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Motivation Tips
How Do I Keep Them Interested?
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Mrs. D's List
From: Mrs. D, the List Genius

These are in no particular order. Please remember, nothing works forever! And all children need to be watched to be sure they are doing what you think they are. I learned that the hard way!

  1. Allow them to use a timer. Time how long it takes to do 1 lesson, 1 page, etc.
  2. Sometimes it helps to alternate easy with hard, letting them know what is next.
  3. When evaluating a page, point out the best points rather than the worst.
  4. If a child gets done early, don't take advantage and add more work that he wasn't expecting. Rather, reward him with time for something special. For example; arts & crafts, woodworking, cooking, leathercraft, building something, reading, computer time. This is especially good for teens.
  5. Give a sticker at the end of each line. We used this in handwriting practice.
  6. Do some things orally, such as reading or history questions, a spelling quiz, etc.
  7. Do as much as possible before lunch. Anything done after lunch goes at half speed!
  8. Sometimes a little help from an older sibling can go a long way.
  9. Younger children especially enjoy writing answers on something other than paper. Try a chalkboard, whiteboard, sidewalk & chalk, sand table (or a reasonable substitute: cornmeal, rice, or sand spread on a cookie sheet), etc.
  10. For math facts practice, take 2 square blocks. Write 0-5 on the sides of one, and 1-6 on the sides of the other. The child tosses them, then adds, subtracts or multiplies the 2 numbers. My boys loved throwing these across the kitchen floor!
  11. My boys enjoyed "teaching" their lesson to their toddler brother.
  12. See who can finish a subject first (e.g. math).
  13. Some kids work best at the table near others. Others work best alone in their room.
  14. Some do better if they have a written list of the day's subjects with how much is expected in each.
  15. Pick-out Box - Have a box filled with new pens, pencils, erasers, pads, small toys (from yard sales or party supply stores), edible snacks, etc. Allow them to pick out a reward, for things like finishing a book, good test score, keeping good records, memory verses, etc. You should make it possible for them to pick out at least once every three days.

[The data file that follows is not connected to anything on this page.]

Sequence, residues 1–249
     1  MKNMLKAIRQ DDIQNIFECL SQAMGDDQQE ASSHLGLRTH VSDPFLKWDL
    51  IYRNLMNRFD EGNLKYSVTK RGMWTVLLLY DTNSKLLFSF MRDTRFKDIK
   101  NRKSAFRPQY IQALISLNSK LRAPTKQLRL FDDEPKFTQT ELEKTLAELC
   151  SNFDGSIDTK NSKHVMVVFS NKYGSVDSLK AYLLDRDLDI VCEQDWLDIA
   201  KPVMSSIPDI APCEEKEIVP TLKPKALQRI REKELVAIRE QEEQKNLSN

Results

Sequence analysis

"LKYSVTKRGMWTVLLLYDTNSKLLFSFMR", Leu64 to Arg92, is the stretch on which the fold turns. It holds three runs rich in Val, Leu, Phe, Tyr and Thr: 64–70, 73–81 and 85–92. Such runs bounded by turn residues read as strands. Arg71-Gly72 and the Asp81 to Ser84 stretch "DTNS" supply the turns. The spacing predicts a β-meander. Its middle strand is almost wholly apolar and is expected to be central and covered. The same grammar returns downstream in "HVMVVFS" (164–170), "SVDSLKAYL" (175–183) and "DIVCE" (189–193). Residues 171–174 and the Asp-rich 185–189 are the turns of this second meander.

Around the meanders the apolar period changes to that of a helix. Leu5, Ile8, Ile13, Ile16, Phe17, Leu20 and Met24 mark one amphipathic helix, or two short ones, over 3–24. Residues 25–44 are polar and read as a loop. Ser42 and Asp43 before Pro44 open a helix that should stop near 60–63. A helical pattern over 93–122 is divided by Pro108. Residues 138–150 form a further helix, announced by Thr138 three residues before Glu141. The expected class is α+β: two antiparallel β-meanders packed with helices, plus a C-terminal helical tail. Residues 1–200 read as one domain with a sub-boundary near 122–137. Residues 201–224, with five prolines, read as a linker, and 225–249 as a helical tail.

16. Make a chart with a path, any theme. Along the path, mark squares with things like: 1 piece cheese, hug from Mom, skip 1 subject today, 1 balloon, extra 10 minute break, etc. Or draw a football field, move by yardlines, and reward for each touchdown. You make yardage for the same accomplishments mentioned in Item 15. You could also use a baseball motif.
  17. 10 minute breaks are sometimes helpful.
  18. If they need quizzes, let them quiz each other. My guys quiz each other on spelling words.
  19. Don't duplicate your work, especially in Language Arts. Once a child knows manuscript and cursive, any written work can be used for handwriting practice. Don't use both a spelling book and a vocabulary book; choose one.
  20. Don't get overly concerned about history or science in the first four grades. In most curricula, the same information is repeated, with a bit added, each year!
  21. Eliminate "seatwork" books unless the child just loves to color.  
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Hurry Up and Skate
From: Lynette

There are several optional activities in our week: ice skating, swimming, play dates after Wednesday co-op, going to the library for "fun" books or tapes, etc. These activities are rewards for work done on time. For example, today was skating. All the independent subjects had to be done by 11 a.m. to get to go. Works every week! Strangely, the same amount of work can take hours longer on other days!
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Kristen's List
From: Kristen

Field trips brighten things up. They learn so much more that way, than if I had covered it all at home. I also find that if I take the field trip first instead of last, it sparks a wave of interest in the subject. I can ride that wave over the next week or two because they have more interest in that subject.

Keep things short. At age 8, I wouldn't do more than 15 minutes per subject, especially math.

Combine reading with the other subjects. Use oral feedback to check comprehension.

For younger children, concentrate more on reading than writing or spelling skills. They can wait until later. With an 8 year old boy, expect some difficulty with anything involving handwriting. Let him dictate his stories while you write or type them, then let him illustrate them, if that would motivate him.

Feel free to take time off. A few days can be very refreshing.
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Change of Pace
From: Norma

We have one day a week for my children, ages 10 and 12, to work on their heart's content: drawing, painting, science experiments, etc. My only condition is that they tell me which principle they're applying, or what new concept they want to try out, or just give me an educational reason for doing what they're doing. They love this day!

Sometimes when MY motivation seems to falter, I'll pick out a subject theme that is applicable to their course studies, and we take a week or more to make a Unit Study out of it. The change of pace refreshes us all.

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If you have any ideas to share, e-mail me, Paula H